Free travel Kindle books for 29 Dec 13

Siberian Travels: An Oklahoma girl’s journey from Moscow to the Sea of Japan (Oklahoma Girl’s Adventures)

by Pamela Olson

Two Stanford students, Pamela from Oklahoma and Liz from Manhattan, studied abroad in Moscow for a semester in the year 2000. Then they decided to take a two-week train trip across Siberia — in the middle of December.

This travelogue is an account of their adventures and the people they met, from drunken pensioners and scientists to young soldiers fresh from war. Along the way they experienced entirely new creatures in the world’s largest freshwater lake, a depressing encounter with a bear, a brush with the mafia, a mysterious illness, a Buddhist monastery, a cartoonishly enormous statue of Lenin’s head, and even a spark of romance.

But the most harrowing experience came at the end of their journey, when bureaucratic forces threatened to prevent their departure from the Russian Far East on the day after Christmas…

Also included are several full-color photographs and a sample chapter from Olson’s latest book, Fast Times in Palestine (http://www.amazon.com/dp/0615456243)



Camp Golden Shaft (Oklahoma Girl’s Adventures)

by Pamela Olson

Shortly after graduating from Stanford with a physics degree in 2002, small town Oklahoma girl Pamela Olson decided she wanted more out of life than sitting in a physics lab for the next thirty years. So she bartended, saved her money for a year, and set off on a seven-month trip across Russia and the Middle East.

In Russia, she signed up to teach at a summer camp on the Black Sea, imagining a fun and relaxing summer of hiking, camping, canoeing, and brushing up on her Russian skills. Instead, she found herself dumped off at a post-Communist nightmare of a camp called Zolotoi Kolos, â??Zolotoi’ meaning golden and â??kolos’ meaning the bunchy thing at the top of a wheat stalk. It was translated as “Golden Shaft,” which summed up the experience pretty well. There were good times, though, and beautiful and hilarious times, and a lot of amazing kids.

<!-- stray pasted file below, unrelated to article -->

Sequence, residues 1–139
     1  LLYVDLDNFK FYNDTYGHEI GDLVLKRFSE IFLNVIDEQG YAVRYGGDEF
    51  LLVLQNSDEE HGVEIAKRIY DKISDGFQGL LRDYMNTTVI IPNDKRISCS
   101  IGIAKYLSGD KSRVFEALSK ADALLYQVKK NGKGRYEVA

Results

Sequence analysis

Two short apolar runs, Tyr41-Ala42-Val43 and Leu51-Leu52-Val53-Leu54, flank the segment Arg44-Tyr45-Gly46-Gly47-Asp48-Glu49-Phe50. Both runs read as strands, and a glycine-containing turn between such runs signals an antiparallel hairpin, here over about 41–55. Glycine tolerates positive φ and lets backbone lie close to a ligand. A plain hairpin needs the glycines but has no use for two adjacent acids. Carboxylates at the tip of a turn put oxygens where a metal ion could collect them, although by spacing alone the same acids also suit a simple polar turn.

Pamela then flew to Egypt to begin four months of travel from Cairo to Istanbul on a shoestring budget — her first trip to the Middle East. All summer she had been dreaming of hummus and olive oil, red wine and Turkish baths, spices and silk. And even though there were difficult times along the way, in the end it was full of more beauty, surprises, and kindness than she ever dared hope.

Also included is a sample chapter from Olson’s recently-published memoir, Fast Times in Palestine (http://www.amazon.com/dp/0615456243)



Postcards From Boston

Where do the locals eat in Boston? Where are the best places to stay? And what are the hidden gems that other tourists have never heard of?

The â??Postcards From’ series is a collection of five short essays on different elements of a destination. Our travel writers look for interesting and unusual elements to a city, composing a collection of portraits that will introduce the reader to some of the least known aspects of the destination. These collections are essential reading for the would-be traveller. Each book is around 7,500 words in length.



What is There to Do in Edmonton?

by Shane Lambert

Length: 4400 words

Shane Lambert, an Edmontonian, travel worker, and hospitality worker, offers commentary on Edmonton in this publication, the city he has resided in, for the most part, since 1986.

Drawing upon his personal experience and professional experience working in the hospitality field, Lambert provides a travel guide in this publication that is meant to succeed where several other travel guides fail.

Offering concision and yet providing a good overview of the city of Edmonton, Lambert gets to the point and covers the following tourist topics without any guff: transportation, events, sports teams and their venues, “party zones”, tourist attractions, and rougher areas in Edmonton.

The result is an affordable publication that can read in one sitting but that can still help a visitor to Edmonton prepare for his/her upcoming stay.



Working and Living in Jasper, Alberta (or Banff/Whistler/Tofino!)

by Shane Lambert

Length: about 6000 words.

This is a publication that could prove very useful for young people who are looking forward to working and travelling to Canada in the months or years ahead. Author Shane Lambert comments on the town of Jasper, the labour market issues in that town, the staff accommodation issues, and the resort town’s social scene. In doing so he provides an affordable ebook that may help those that are heading to Jasper in search of both work and adventure. Furthermore, the issues that Lambert addresses have insight for those who are heading to other western Canadian resort towns such as Banff, Whistler, and Tofino.

This is not an ebook that markets Jasper as a tourist destination, nor is it one that aims to deter people from working in the resort town. Rather Lambert feels that his readers are entitled to a description of his experiences and he has provided what he thinks is a balanced view of what workers heading to Jasper may be getting themselves into. His viewpoint is that there are downsides to working in Jasper, however overall he thinks that young people in the town are very happy with what they experience during their time working in the Albertan resort town.

Even if you are not heading to Jasper yourself in search of work, you may want to purchase this ebook for a young person in your life as it could prove to be a valuable resource that eliminates surprises when that individual arrives in western Canada.



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